Designing SCMP user segments

Taking reference from the above classification, we hypothesized breaking down our user segments into the following components:

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The components can scale to more complicated segments in the future:

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One thing to note is that a user may interact with SCMP differently based on the content they are reading. Taking the above user journey example of Jennifer(working mom doing investment research) and Amy (US student), a user can belong to multiple segments based on the content they are reading:

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With this sample classification, we can easily isolate content segments for specific targeting. This is an example of a hypothetical, simplistic, brief version of a user persona:

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Data collection & generation of user segments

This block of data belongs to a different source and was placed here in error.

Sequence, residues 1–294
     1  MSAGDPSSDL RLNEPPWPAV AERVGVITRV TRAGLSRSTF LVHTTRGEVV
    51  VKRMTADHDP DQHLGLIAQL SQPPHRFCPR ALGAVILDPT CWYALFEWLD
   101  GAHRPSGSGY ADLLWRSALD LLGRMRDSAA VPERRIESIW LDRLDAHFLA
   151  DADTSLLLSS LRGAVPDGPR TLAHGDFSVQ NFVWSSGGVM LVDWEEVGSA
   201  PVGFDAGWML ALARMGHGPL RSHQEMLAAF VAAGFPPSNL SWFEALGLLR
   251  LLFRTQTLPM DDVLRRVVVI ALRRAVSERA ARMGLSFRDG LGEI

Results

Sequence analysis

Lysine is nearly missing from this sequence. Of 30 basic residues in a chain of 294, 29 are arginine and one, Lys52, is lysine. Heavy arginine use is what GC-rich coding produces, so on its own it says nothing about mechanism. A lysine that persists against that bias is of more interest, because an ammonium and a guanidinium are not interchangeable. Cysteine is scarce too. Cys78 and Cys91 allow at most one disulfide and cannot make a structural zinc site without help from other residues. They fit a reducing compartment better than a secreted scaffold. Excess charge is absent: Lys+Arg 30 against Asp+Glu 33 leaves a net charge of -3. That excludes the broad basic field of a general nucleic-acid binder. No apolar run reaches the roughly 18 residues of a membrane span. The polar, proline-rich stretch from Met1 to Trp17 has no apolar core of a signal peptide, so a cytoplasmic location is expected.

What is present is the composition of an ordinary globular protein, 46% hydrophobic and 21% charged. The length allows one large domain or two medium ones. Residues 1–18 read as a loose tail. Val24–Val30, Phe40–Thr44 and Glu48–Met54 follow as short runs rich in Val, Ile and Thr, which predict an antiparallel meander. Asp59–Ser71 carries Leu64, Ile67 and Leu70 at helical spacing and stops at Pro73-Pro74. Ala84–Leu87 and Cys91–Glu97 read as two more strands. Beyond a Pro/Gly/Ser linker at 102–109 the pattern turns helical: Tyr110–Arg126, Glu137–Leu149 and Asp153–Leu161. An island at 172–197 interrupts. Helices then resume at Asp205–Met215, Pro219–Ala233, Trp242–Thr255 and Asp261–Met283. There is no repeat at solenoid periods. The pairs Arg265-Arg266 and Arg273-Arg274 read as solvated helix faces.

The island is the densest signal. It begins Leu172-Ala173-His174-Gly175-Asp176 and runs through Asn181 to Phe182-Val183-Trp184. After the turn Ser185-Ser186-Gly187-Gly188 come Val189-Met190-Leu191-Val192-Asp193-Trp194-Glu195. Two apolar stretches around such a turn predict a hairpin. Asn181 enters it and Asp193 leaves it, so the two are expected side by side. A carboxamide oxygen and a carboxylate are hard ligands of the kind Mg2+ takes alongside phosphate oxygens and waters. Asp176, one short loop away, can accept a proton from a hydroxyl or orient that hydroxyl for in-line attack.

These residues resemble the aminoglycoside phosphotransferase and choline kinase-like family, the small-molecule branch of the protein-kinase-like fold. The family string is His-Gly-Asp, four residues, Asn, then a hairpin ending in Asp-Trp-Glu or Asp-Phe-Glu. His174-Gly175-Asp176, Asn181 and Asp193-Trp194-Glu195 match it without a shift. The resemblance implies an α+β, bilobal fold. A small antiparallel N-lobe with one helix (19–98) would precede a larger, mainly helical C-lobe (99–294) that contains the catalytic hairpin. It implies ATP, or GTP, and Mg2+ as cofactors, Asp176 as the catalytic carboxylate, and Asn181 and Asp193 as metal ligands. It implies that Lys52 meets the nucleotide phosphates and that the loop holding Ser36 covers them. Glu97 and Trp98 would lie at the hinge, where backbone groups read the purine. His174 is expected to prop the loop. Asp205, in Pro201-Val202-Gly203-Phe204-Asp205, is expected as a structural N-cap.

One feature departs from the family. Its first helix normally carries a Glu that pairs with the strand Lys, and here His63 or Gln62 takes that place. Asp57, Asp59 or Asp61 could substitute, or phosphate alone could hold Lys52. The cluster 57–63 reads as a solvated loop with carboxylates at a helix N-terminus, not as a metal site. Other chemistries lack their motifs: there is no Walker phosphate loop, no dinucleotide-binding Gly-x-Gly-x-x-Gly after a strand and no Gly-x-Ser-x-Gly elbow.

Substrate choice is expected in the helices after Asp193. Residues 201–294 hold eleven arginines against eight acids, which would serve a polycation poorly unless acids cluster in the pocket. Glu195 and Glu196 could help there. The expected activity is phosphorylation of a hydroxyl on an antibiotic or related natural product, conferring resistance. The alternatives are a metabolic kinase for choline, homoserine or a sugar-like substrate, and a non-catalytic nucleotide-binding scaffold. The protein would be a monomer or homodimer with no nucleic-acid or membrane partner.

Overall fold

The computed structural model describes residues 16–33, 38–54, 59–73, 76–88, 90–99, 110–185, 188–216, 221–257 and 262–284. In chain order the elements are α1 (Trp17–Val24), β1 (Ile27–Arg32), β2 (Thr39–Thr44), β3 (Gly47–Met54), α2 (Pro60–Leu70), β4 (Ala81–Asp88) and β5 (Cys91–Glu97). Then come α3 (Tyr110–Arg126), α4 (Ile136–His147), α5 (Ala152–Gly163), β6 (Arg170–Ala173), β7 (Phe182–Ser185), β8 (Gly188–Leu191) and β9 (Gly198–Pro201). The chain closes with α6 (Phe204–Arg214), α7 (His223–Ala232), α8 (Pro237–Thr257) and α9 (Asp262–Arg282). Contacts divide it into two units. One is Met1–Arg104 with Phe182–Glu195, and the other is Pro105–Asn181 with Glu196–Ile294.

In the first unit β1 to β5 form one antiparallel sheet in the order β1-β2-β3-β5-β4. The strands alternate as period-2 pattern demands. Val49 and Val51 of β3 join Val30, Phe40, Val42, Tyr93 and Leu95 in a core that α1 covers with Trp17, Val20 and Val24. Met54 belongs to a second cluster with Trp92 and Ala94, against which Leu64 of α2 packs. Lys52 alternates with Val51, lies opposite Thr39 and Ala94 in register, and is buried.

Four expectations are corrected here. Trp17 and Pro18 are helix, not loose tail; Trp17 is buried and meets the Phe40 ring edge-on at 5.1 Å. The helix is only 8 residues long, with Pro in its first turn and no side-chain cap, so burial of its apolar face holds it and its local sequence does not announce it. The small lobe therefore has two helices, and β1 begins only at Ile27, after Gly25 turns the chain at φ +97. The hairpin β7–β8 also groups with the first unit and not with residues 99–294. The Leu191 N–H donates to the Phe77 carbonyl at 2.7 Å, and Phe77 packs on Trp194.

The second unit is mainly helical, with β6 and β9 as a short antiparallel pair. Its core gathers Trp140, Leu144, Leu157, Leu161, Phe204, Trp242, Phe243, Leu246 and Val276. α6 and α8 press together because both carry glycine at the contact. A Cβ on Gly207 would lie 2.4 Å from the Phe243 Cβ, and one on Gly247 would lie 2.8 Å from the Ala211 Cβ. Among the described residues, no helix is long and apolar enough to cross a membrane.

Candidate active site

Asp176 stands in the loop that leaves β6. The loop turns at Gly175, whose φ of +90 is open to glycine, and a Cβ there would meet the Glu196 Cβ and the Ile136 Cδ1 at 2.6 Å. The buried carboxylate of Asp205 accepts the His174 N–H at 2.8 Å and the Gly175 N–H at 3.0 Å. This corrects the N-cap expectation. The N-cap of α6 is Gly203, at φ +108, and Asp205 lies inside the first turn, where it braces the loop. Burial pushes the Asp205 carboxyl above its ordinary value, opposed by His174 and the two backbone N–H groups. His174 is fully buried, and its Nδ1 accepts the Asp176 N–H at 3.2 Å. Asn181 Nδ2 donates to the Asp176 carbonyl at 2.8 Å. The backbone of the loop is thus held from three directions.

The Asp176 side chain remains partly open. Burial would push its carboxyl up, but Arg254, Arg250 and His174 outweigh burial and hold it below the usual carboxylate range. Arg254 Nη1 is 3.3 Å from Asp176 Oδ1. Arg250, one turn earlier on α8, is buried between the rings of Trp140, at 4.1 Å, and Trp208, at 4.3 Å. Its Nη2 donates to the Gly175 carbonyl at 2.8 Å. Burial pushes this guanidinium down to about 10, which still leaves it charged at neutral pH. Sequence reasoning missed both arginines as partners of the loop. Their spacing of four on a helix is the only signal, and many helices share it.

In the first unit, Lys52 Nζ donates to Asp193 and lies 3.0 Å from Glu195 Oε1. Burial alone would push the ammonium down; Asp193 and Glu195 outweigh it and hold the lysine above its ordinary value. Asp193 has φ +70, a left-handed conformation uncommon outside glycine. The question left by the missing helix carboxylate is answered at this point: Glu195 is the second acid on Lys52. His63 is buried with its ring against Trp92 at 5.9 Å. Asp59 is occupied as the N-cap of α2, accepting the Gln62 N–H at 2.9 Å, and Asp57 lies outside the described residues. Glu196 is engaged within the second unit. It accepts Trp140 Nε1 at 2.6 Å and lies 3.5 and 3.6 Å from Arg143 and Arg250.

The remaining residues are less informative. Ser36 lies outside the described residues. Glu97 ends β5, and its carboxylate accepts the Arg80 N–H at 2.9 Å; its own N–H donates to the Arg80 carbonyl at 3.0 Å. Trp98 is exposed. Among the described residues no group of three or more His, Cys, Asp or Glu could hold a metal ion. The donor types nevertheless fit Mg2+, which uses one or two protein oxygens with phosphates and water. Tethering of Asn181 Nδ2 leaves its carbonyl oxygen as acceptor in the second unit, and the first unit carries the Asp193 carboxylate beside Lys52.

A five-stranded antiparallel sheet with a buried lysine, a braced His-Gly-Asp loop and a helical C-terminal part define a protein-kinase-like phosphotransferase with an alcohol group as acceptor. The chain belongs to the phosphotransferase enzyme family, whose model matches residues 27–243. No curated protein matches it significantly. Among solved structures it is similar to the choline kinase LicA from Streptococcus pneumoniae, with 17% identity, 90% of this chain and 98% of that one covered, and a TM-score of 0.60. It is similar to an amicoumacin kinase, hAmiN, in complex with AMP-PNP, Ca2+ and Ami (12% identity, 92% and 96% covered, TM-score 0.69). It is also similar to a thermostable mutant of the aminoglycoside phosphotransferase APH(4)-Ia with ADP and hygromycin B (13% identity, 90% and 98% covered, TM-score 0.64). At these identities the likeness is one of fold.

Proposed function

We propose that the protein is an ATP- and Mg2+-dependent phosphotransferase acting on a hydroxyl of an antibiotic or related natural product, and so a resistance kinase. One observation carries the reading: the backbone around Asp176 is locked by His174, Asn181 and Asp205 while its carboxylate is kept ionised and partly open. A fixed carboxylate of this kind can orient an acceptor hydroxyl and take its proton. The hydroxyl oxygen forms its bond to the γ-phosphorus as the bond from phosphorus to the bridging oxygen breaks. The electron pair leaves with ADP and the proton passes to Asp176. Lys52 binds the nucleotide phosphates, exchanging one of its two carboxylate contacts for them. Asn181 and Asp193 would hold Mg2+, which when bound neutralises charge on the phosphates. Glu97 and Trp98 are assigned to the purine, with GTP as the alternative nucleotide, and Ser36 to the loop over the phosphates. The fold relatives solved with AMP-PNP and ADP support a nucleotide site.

We collected data and findings from user interviews, surveys, usage behavior, and polls to generate our user segments. Here are some of the information that we use:

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In the execution phase of defining and testing user segments, we ran two approaches in parallel: top-down approach and bottom-up approach.

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We're still in the persona generation and testing phase. However, from preliminary experiments, we have seen 30%-70% improvements in user engagement 2 weeks after specific users are given CTAs (eg. NLs) targeted to their user segment instead of the generic CTAs given to most audiences.